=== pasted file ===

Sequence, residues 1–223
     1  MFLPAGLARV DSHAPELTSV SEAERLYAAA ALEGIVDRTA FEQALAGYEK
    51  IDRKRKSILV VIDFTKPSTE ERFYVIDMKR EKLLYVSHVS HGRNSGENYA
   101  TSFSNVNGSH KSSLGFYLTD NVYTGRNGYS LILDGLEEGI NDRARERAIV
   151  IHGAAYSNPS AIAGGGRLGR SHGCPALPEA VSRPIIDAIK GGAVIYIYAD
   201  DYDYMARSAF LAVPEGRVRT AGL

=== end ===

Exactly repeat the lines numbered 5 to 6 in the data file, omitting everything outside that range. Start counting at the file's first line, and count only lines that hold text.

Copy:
   151  IHGAAYSNPS AIAGGGRLGR SHGCPALPEA VSRPIIDAIK GGAVIYIYAD
   201  DYDYMARSAF LAVPEGRVRT AGL